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SPOTLIGHTING DALMATIAN THE by JAN WARREN LINNÉ for the Dalmatian Club of America
A lthough the breed is traditionally consid- ered to be from the country of Dalmatia (now Croatia), in actuality the breed’s beginnings have been shrouded in mys- tery over time and are virtually unknown. Spotted dogs of similar type have been recorded in countries all over eastern Europe and even into India. Although their breed beginnings may be in doubt, what cannot be disputed is that they came into their own thanks to the English who recognized their unique bond with horses and their striking good looks. Thus, the breed’s coach dog career was born. Not only were they functional and served guard duties with their owners’ horses and property while on the road, their beauty promoted them to status symbol standing among the wealthy. In America, with its lack of nobility, bold nature and lack of affectation, the Dalmatian became a true working dog. Because of the breed’s affinity with horses, they became a natural in the firehouse with its horse-drawn fire wagons. Although they served pri- marily as guard dogs at the fire, watching the horses and equipment, they even went so far as serving as the original “siren” by running ahead of the horses, clear- ing the way. Although that duty has been relegated to the history books, to this day they are considered the official mascot of the fire department.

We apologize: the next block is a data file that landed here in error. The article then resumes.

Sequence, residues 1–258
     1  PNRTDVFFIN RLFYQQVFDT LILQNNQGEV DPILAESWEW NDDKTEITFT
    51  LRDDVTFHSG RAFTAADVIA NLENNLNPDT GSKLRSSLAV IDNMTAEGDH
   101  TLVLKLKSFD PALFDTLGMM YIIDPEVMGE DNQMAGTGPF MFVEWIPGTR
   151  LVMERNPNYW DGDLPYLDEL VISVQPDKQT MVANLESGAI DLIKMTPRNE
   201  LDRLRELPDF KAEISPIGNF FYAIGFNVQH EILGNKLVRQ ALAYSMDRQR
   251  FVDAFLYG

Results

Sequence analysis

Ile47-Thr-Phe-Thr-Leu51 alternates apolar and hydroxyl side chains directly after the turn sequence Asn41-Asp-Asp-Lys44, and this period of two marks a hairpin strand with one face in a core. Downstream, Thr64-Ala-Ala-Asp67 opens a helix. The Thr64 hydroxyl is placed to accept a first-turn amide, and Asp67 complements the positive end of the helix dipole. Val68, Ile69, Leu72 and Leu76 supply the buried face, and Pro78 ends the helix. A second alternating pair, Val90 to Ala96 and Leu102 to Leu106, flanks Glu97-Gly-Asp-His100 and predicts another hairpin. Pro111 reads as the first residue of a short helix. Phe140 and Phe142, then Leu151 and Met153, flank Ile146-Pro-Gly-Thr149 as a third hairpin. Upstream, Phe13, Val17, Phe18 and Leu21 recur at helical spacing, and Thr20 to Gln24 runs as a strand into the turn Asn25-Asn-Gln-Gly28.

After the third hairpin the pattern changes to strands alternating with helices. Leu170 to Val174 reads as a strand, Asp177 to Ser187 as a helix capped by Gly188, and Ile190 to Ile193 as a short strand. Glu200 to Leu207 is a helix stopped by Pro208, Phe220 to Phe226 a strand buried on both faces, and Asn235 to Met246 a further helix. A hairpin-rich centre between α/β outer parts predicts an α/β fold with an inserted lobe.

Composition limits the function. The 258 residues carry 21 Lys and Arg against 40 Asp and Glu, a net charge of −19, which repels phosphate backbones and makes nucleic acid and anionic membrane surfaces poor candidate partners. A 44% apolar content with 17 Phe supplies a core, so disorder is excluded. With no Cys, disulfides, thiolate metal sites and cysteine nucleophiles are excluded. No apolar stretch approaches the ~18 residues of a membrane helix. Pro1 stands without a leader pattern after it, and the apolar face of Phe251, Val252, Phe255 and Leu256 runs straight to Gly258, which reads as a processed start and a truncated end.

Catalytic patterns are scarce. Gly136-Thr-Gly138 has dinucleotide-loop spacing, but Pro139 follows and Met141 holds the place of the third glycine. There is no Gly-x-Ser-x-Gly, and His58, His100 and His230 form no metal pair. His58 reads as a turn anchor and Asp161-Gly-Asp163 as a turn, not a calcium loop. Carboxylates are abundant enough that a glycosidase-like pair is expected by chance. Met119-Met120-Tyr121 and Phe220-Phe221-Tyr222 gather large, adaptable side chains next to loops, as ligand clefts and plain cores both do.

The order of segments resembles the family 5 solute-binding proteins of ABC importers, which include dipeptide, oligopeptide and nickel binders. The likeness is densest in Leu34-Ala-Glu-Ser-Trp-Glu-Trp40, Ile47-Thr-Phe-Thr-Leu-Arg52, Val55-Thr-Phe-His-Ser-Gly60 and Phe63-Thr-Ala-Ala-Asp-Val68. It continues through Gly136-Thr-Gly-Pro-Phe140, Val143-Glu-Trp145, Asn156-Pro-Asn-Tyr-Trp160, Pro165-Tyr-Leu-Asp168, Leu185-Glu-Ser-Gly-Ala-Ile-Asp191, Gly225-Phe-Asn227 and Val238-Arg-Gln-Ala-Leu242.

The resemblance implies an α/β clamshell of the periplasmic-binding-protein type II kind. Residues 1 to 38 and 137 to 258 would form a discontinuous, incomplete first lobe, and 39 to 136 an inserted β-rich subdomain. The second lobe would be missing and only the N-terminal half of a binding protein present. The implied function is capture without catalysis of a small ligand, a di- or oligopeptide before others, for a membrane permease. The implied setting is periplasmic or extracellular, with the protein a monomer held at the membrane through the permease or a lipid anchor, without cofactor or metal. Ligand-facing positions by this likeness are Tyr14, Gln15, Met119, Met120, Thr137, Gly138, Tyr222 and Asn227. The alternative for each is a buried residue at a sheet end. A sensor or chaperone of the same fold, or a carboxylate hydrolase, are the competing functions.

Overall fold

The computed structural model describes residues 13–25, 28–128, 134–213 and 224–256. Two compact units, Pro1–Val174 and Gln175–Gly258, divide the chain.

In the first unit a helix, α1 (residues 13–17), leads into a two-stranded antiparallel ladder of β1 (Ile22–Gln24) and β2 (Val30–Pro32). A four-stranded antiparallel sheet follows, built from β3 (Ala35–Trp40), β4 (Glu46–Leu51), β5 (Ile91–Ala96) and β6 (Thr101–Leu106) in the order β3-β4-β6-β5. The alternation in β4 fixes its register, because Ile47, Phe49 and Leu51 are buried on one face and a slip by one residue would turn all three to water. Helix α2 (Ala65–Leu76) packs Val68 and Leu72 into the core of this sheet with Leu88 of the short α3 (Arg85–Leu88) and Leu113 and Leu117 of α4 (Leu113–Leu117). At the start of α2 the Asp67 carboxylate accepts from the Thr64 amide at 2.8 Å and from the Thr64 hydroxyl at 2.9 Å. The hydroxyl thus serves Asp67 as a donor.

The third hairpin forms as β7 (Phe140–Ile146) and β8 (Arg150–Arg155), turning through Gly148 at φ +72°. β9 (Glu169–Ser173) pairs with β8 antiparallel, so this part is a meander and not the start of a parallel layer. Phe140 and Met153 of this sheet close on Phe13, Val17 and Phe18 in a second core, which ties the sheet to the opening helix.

Fast forward 100+ years and the obvious advances in technol- ogy have put the Dalmatian out of work—at least in its histori- cal roles. Today, their primary job is that of family compan- ion, which is a role they truly embrace. But thanks to his versa- tility, athleticism and intelligence, the Dalmatian excels in so many other venues. In addition to the Conformation ring, dogs are now being titled in a wide variety of canine sports—Therapy Dogs, Obedience, Rally, Agility, Dock Diving, CAT Trials, Barn Hunts, Road Trials and Tracking. You name it, the ever-resourceful Dal- matian can do it all.